Excessive flooding and damage to local health infrastructure means people will be dealing with the public health effects of the storm for a while.
Even if you’re not reporting on an affected location, this may be a good time to ask some questions of your local public health leaders and write about disaster preparedness issues. Here are some resources to help craft those questions.
Covering the mosquito-borne disease malaria
Infectious disease topic leader Bara Vaida has written a tip sheet that covers the history of malaria, efforts to eradicate it, how it infects people and some of the symptoms. She includes a list of story ideas for reporters and links to some background reading and news.
Emergency preparedness among U.S. hospitals a potential story for your community
Much of the challenge is that most of the nation’s health system belongs to private and non-governmental entities. Getting together to plan for a major disaster isn’t a top priority, health experts say.
Bara Vaida, AHCJ's core topic leader on infectious diseases, offers background on planning, funding and organizations, as well as story ideas and contact information for sources.
Resources to help you cover mosquito season in your community
Get story ideas, resources and contacts for experts to help you cover mosquito-borne illnesses.
Tick season increasingly begins sooner with climate change
“There are more tick-borne disease [cases] every year,” John Aucott, M.D., director of the Johns Hopkins Lyme Disease Clinical Research Center, told WebMD.
The CDC recorded 59,349 cases of tick-borne illnesses in 2017, and there were likely 10 times more cases, since cases of diagnosed Lyme disease (the most common tick-borne disease) often don’t get reported to the CDC, according to the agency’s own assessment of medical records and other data.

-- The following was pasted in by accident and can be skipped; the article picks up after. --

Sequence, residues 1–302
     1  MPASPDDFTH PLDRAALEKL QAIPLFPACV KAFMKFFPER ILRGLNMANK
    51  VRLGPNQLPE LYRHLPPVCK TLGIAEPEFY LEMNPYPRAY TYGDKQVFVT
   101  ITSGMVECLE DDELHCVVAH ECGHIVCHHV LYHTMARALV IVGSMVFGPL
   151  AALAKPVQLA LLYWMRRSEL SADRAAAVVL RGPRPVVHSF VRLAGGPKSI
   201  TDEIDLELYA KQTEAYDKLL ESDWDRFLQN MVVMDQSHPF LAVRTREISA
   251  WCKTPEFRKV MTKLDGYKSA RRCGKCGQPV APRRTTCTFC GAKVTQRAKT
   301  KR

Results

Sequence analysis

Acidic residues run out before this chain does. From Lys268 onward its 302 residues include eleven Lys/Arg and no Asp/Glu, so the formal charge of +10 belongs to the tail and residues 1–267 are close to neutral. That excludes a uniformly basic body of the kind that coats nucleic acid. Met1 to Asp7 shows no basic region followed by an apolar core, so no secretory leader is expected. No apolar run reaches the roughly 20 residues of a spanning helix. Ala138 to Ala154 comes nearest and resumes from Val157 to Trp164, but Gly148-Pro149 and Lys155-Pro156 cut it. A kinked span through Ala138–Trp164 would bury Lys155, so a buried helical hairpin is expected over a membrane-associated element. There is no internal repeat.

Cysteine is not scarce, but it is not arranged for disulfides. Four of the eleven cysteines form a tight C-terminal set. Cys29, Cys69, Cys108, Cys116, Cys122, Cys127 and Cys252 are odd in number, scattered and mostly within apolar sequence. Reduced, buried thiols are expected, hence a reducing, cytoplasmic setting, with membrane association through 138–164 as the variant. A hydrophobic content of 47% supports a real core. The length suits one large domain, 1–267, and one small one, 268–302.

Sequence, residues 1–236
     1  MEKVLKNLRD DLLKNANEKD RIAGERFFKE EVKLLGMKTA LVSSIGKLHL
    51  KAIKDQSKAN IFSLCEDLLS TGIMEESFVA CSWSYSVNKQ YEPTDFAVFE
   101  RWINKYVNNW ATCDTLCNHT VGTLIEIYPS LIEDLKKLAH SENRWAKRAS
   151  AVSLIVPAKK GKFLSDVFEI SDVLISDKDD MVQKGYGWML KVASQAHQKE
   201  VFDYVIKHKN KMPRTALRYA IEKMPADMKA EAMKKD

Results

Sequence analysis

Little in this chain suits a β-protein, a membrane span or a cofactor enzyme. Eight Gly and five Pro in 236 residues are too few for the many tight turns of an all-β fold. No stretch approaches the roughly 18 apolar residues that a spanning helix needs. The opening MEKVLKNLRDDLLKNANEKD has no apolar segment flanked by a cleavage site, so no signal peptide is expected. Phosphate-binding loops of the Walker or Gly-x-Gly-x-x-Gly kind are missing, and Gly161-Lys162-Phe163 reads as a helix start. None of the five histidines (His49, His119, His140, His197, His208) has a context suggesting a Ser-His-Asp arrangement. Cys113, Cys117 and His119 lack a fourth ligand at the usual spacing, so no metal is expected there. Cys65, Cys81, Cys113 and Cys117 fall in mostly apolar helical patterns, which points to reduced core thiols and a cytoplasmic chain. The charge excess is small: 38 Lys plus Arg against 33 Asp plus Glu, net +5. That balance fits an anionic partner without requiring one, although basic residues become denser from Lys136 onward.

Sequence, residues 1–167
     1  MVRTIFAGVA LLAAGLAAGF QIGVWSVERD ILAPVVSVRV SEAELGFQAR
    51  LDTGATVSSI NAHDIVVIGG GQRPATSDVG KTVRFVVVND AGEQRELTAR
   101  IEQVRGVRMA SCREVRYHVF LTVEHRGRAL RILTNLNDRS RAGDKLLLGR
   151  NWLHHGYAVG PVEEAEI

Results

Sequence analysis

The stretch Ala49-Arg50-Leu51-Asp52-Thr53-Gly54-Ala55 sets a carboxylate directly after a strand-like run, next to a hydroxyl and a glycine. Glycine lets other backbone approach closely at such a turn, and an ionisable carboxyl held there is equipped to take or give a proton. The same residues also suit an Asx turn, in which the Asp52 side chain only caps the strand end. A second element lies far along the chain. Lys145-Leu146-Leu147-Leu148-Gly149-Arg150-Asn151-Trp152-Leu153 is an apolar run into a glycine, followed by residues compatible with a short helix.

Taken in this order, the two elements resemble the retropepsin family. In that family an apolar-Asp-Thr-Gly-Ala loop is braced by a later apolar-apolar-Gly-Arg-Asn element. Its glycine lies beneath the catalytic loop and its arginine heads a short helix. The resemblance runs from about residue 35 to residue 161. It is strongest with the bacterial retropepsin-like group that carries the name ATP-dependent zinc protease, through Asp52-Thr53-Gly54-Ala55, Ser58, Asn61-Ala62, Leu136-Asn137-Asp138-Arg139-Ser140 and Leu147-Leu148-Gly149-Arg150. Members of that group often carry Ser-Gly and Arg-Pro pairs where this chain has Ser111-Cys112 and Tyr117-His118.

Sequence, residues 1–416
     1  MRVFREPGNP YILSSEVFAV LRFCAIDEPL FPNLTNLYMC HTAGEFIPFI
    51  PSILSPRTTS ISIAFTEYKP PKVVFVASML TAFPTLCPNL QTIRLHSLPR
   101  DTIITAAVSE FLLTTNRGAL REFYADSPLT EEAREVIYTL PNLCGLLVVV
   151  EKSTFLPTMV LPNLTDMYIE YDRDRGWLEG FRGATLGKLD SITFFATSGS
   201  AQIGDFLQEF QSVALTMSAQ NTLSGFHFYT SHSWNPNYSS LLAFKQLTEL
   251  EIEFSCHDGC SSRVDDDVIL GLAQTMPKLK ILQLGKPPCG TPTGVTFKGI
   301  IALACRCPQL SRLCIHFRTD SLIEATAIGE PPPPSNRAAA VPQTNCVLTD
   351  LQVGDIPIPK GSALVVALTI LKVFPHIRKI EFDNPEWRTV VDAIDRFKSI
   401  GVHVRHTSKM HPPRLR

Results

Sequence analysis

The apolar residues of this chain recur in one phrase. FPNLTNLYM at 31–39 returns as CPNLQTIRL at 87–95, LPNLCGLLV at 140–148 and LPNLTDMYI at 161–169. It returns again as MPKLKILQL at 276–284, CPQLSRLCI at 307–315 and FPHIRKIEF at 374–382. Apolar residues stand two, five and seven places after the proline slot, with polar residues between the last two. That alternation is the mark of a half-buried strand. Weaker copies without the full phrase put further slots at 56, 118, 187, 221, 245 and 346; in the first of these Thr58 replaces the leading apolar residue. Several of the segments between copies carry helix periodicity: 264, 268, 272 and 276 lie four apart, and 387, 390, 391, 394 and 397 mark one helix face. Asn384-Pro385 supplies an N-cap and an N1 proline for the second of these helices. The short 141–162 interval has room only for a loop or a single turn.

Tip sheet for covering HIV today: A 2019 update
She also urges caution in how some breakthroughs are conveyed, highlights disparities among those who are being treated and not, prevention interventions and the best way to describe the result of some recent research.
Journalists’ role in covering vaccine hesitancy
“Vaccine hesitancy” as a term has emerged in recent years as a more neutral way to discuss attitudes toward vaccines, without identifying people strictly as “anti” or “pro” vaccine.
Get ideas for how to responsibly cover vaccine hesitancy in your community, as well as a list of experts to contact.
Covering climate change, infectious diseases and health
A common thread involved in all of these public health threats is climate change.
Covering STDs: What reporters need to know
The reasons for the increases are multi-faceted. They include decreased public health funding, lack of understanding about how STDs spread, social stigma, less access to health care and fewer health provider screenings. Social determinants also play a role in which populations are more at risk of exposure to an STD and whether they get treatment. Further, the opioid epidemic has been associated with increase in STDs among pregnant women, said David C. Harvey, executive director of the National Coalition of STD Directors during a Nov. 1 AHCJ webcast.
Learn more about the increase, story ideas, sources and experts to tap into for your reporting.
What reporters need to know about antibiotic resistance
As of 2013, at least 2 million people in the U.S. had contracted an antibiotic-resistance bacterium, with 23,000 dying annually as a result, according to estimates based on the most recent data available to the Centers for Disease Control and Prevention (CDC). The threat has become so dire, CDC officials have said, that for some patients the medical community has reached a “post-antibiotic” era.